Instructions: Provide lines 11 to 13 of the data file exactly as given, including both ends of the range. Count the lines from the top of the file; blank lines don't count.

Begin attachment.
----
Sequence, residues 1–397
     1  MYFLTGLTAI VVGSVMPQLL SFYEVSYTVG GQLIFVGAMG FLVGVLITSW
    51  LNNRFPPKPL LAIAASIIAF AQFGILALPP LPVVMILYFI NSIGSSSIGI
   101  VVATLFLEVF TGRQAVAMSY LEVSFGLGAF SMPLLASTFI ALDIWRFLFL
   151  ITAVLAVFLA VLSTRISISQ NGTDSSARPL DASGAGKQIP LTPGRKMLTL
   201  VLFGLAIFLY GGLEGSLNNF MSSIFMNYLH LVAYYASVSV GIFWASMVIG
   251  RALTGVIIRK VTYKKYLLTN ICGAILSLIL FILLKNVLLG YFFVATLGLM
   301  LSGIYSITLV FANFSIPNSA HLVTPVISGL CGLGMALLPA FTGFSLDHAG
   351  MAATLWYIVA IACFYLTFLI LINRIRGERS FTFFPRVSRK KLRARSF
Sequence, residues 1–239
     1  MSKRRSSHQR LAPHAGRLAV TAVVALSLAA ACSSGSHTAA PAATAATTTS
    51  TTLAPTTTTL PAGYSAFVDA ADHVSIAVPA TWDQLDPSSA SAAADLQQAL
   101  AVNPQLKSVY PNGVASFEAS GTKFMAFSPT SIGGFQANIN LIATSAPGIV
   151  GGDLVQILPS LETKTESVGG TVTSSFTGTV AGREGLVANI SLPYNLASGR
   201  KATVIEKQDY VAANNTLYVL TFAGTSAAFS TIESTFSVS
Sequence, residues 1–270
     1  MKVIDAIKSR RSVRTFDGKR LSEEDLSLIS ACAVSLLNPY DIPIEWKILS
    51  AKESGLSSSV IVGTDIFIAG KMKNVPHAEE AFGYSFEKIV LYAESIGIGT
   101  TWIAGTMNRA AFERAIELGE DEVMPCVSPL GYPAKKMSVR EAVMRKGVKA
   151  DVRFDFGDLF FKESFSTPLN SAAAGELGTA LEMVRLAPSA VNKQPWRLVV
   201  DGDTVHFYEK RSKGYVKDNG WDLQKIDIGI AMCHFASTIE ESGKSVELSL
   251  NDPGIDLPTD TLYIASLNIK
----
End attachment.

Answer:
     1  MSKRRSSHQR LAPHAGRLAV TAVVALSLAA ACSSGSHTAA PAATAATTTS
    51  TTLAPTTTTL PAGYSAFVDA ADHVSIAVPA TWDQLDPSSA SAAADLQQAL
   101  AVNPQLKSVY PNGVASFEAS GTKFMAFSPT SIGGFQANIN LIATSAPGIV